Patch 3.3 is less than a short time away, and with it will arrive a couple of changes to the Warlock class, most notably being the return of raid-dominating DPS by the Affliction Warlock. I'm very excited to see our talent trees receive a bit more balance, as I'm sure many of you are too. Destroying raid bosses as a Destruction Warlock is great fun and very effective, but having options is a good thing... especially when Destro is a little too reminiscent of the simple "Shadow Mage" approach to DPS. And really, if I wanted to play a Mage, I would have already cut off my genitals and rolled one (did I really just say that?). But lets not digress or get too ahead of ourselves just yet... we've got some things to do before we can consider which spec to throw when standing within the gates of Icecrown Citadel.
Be it Affliction or Destruction or even Demonology, in order to hit the meters in the neighborhoods of 9-12k DPS, we're going to need the absolute best gear possible. I'm talking a full set of BiS gear, which will eventually include the somewhat-racist-looking abomination that is Warlock Tier 10 (one of the uglier Warlock sets imho). And to have a shot at all of that ethically questionable goodness, we're going to need regular, dependable raid invites. And to get those invites, we're going to need to raid now. We're going to need to raid often. And most importantly, we're going to need to raid well.
As a Warlock, there are a number of things we need and are expected to do at each and every raid that we attend. This includes showing up with a sack full of Soul Shards, calling upon a summoning portal and Soulwell whenever necessary, and dropping a Soulstone on the head of a raid member when it is available. Ignore any of these elementary requirements and we can kiss our raid invitations goodbye. But keep in mind that fulfilling them ensures you nothing, because more important than any of these principles is the amount of DPS a Warlock can produce. Excel there, and we can expect our invitations every week. Fail there, and expect to spend an eternity in Tradechat... *cough*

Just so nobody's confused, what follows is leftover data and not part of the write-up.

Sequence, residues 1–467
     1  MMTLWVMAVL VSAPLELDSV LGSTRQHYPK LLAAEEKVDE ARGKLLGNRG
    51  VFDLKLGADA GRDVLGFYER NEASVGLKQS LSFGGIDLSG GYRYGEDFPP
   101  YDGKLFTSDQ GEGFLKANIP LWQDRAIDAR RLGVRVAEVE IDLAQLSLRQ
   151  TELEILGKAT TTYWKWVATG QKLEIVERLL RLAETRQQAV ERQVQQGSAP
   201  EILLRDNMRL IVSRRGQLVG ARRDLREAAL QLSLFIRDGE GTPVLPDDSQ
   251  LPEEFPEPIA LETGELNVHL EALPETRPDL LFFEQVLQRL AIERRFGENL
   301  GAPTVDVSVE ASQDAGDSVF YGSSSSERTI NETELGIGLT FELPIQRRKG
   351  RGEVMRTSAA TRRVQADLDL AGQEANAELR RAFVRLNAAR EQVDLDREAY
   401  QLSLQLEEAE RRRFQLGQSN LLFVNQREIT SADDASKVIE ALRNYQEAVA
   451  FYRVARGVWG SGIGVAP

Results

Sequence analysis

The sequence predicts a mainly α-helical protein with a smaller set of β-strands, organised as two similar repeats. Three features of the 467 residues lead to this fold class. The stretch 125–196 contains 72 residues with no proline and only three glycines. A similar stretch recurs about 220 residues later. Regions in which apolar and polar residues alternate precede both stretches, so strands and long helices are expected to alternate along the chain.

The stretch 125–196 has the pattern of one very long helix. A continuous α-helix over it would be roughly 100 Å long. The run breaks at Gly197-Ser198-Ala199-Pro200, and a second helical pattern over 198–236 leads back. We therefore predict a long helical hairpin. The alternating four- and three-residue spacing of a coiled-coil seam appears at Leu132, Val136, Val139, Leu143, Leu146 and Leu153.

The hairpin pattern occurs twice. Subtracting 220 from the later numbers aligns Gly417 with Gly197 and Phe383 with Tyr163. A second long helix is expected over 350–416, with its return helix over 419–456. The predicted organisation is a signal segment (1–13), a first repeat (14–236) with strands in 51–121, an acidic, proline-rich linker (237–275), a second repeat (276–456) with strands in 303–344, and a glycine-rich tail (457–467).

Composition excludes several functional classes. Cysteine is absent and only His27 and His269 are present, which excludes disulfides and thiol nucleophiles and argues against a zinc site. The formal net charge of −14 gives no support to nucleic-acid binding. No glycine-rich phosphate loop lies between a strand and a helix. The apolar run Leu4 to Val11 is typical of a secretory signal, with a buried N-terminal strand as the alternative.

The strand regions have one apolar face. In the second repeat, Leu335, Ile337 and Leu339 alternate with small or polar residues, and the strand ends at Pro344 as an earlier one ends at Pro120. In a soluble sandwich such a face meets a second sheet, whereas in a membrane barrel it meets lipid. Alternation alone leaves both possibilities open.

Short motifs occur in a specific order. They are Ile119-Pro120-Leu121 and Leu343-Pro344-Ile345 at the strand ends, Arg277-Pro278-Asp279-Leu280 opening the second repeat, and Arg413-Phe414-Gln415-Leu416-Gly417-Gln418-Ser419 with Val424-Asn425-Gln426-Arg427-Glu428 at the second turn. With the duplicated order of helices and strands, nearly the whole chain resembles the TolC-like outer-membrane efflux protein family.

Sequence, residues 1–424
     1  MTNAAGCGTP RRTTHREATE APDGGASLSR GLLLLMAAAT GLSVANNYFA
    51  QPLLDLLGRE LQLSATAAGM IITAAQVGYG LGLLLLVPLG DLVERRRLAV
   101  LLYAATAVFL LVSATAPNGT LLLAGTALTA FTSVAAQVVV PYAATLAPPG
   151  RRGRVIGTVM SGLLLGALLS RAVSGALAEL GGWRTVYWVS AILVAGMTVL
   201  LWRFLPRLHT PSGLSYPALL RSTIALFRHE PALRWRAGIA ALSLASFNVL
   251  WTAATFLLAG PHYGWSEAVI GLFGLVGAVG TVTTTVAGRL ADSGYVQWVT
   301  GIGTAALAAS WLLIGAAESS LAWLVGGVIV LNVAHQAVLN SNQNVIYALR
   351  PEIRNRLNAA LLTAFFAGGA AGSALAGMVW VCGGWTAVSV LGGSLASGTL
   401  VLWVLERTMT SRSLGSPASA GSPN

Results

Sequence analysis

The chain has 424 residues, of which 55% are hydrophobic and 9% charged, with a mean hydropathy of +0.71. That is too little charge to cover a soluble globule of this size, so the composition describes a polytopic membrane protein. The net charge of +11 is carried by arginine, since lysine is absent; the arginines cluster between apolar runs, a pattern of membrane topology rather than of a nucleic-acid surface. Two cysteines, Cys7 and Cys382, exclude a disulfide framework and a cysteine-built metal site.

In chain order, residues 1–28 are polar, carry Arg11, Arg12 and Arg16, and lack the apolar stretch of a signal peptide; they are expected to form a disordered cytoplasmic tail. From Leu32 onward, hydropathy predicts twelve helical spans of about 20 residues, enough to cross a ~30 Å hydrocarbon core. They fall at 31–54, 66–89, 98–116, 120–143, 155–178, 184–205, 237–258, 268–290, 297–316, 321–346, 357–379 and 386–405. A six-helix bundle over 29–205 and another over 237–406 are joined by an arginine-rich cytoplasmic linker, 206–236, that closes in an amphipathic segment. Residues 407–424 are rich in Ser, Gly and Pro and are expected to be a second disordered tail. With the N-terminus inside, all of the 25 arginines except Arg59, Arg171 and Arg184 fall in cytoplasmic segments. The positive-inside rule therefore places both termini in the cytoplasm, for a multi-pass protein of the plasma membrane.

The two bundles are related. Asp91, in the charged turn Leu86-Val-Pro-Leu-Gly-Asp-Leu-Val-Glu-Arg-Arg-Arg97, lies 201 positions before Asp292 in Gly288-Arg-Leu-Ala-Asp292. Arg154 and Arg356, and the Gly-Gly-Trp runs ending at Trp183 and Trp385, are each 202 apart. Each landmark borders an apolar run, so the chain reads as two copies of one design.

Here are a couple of classic ways that Destruction Warlocks can improve their DPS. Some are obvious and well-known, and others not so much, but all are very important and have allowed me to make enough of an impression to remain actively invited to guild runs as a PuG raider. Not too shabby, right? Hopefully you will gain something from this list too, and if you have something to add to it, please do so in the comments section.
We've all seen it a million times: Onyxia takes to the air in Phase 2, out come the whelps, the idiot who yelled "MOAR WHELPS! HANDLE IT!" is told to shut up, and Rogues, Mages, DKs, and Hunters shoot up with Damage Meter. Baffled Warlocks, spam-casting Rain of Fire cry out, wondering why their AoE spell of choice falls short in situations like this and how to improve it.